- Academic Disputes Policy
- Accessibility Accommodation and Americans with Disabilities Act (ADA)
- Advanced Standing
- Affiliation for GTU PhD Students
- Building and Facilities Care Guidelines
- Campus Security (Clery Act Report)
- Change of Program
- Commitment to Equality
- Common Academic Policies Chart
- Community Covenant
- Credit Hour Policy
- Drug Free Notification
- Email Account Policy, Contact & Profile Information Updates
- English as a Second Language (ESL) Extension Policy
- Extensions & Lapsed Time
- Full-time or Part-time Status
- Grievance Policy
- Health Insurance for Students
- Information Technology (CITS)
- Leave of Absence & Deferment
- Plagiarism Policy
- Policy Statement on the Use of Inclusive Language
- Provisional Student Policy
- Satisfactory Academic Progress & Academic Probation Policy
- Sexual Harassment Policy
- Student Complaints
- Student Conduct & Special Needs Policy
- Transfer Policy
- Tuition, Fees and Refund Policy
- Use of Technology in Classrooms
- Withdrawal and Termination
Questions about this policy?
For PSR courses, one (1.0) semester credit hour requires the following minimum work:
- one hour of instructor mediated learning and
- three hours of outside of class study weekly
for an average fifteen (15) week semester.
Thus, one three credit hour (3.0) course would require a minimum of 12 hours of work per week (3 instructor mediated hours plus 9 outside study hours) for 15 weeks.
Time per Credit
For each graduate credit awarded by a course at Pacific School of Religion, students should be spending approximately one hour (50 minutes) in contact with the instructor and three hours (150 minutes) on course work outside of class per week over the equivalent of a 15-week semester.
This applies to face-to-face, intensive, and online classes alike.
- 1.0 credit course = 13 hours of direct contact plus 38 hours outside of class
- 1.5 credit course = 19 hours of direct contact plus 56 hours outside of class
- 3.0 credit course = 38 hours of direct contact plus 113 hours outside of class
These figures are targets, not absolutes. Courses may exceed the expectations, or the ratio of direct contact to outside work may vary somewhat.
Learning outcomes for classes that have multiple formats are to be identical across format. Format should have no effect on quality or quantity of learning outcomes.
Hours Outside of Class
“Hours outside of class” include advance and daily readings, writing, participation in online discussions, studying, reflection, projects, final papers, etc.
Intensive classes take place in summer and January sessions. They typically meet for four or eight hours per day, five days a week. Because we cannot expect students in a five or ten day course to spend 10+ hours per day studying outside of class, substantial student work ahead of and/or following the actual course dates is to be expected.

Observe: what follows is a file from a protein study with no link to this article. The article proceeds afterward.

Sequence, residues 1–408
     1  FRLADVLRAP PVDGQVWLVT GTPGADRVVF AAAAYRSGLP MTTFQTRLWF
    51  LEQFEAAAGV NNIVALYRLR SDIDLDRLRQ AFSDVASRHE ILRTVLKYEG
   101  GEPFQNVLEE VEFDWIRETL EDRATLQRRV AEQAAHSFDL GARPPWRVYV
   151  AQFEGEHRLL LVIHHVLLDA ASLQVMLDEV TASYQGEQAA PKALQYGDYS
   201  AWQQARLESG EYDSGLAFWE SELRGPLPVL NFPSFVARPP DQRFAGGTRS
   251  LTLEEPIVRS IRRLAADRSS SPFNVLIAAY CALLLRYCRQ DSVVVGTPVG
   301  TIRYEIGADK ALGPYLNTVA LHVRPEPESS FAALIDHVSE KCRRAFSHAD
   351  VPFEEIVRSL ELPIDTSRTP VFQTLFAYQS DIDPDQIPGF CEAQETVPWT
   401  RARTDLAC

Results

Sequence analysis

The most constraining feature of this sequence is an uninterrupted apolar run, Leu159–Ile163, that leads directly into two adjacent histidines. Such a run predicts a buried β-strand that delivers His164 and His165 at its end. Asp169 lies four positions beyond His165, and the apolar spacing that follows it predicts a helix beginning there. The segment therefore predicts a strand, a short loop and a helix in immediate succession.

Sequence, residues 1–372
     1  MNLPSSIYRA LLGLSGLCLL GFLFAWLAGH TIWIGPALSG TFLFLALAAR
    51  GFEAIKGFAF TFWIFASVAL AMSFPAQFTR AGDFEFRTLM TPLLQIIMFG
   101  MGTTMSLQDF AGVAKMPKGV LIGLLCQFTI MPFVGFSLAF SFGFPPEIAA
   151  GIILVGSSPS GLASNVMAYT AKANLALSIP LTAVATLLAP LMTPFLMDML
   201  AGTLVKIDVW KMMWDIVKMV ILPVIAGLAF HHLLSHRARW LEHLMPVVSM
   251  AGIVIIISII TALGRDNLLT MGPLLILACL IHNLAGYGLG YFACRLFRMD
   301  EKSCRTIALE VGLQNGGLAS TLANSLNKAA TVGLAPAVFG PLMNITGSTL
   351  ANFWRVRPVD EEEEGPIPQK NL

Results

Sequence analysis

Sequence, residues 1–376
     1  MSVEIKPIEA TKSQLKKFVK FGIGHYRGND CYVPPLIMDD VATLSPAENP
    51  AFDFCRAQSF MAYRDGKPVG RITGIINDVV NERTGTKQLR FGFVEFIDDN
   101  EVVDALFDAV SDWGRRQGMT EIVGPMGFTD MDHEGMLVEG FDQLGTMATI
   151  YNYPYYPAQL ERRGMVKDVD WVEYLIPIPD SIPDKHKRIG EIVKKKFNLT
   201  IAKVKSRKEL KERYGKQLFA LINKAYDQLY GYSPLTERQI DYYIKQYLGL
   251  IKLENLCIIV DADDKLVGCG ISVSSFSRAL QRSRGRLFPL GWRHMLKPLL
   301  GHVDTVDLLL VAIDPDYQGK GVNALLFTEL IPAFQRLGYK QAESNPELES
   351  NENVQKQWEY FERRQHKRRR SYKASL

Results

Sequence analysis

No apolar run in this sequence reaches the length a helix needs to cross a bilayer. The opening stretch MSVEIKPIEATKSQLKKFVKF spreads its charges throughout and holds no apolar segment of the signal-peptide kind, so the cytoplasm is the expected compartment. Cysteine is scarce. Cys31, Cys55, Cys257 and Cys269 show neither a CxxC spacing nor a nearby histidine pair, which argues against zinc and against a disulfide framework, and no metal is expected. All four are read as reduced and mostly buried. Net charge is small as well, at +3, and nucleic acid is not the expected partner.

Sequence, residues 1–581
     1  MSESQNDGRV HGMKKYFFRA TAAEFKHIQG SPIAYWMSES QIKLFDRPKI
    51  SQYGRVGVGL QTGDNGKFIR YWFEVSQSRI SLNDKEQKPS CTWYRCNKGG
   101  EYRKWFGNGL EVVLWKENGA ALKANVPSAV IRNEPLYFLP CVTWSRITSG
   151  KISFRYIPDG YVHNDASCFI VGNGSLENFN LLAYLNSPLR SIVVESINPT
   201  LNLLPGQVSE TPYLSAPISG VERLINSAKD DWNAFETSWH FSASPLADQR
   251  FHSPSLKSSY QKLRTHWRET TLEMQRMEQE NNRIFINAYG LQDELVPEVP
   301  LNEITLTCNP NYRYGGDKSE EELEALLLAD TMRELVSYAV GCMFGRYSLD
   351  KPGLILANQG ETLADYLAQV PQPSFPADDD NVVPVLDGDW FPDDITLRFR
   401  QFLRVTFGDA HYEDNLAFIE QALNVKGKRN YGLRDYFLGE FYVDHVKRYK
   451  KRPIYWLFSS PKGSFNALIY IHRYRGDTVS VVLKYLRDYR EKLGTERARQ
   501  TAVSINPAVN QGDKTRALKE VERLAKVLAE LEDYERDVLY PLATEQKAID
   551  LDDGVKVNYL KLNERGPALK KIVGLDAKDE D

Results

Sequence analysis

In the case of 3.0 credit classes that meet for 60 hours (3 weeks), direct contact hours exceed the 38 hour expectation. You may subtract the additional 22 hours of in-class time from the 113 required hours of out of class time, resulting in a target of 91 hours of out of class work time expected.
Online classes warrant further clarification, as definitions of “contact with the instructor” and “hours outside of class” are less obvious. As stated in Department of Education’s DCL ID: GEN-11-06:
The credit hour definition does not emphasize the concept of “seat time” (time in class) as the primary metric for determining the amount of student work for Federal purposes. Institutions may assign credit hours to courses for an amount of work represented by verifiable student achievement of institutionally established learning outcomes. Credits may be awarded on the basis of documentation of the amount of work a typical student is expected to complete within a specified amount of academically engaged time, or on the basis of documented student learning calibrated to that amount of academically engaged time for a typical student.
We see a similar line of reasoning in the Department of Education’s Program Integrity Q&A document ():
How would an institution apply the definition of a credit hour if the institution offers asynchronous online courses that are not also offered in a classroom setting?
CH-A4: There is no “seat time” requirement implicit in the definition of a credit hour. An institution that is offering asynchronous online courses would need to determine the amount of student work expected in each online course in order to achieve the course objectives, and to assign a credit hour based on at least an equivalent amount of work as represented in the definition of credit hour. [Guidance issued 3/18/2011]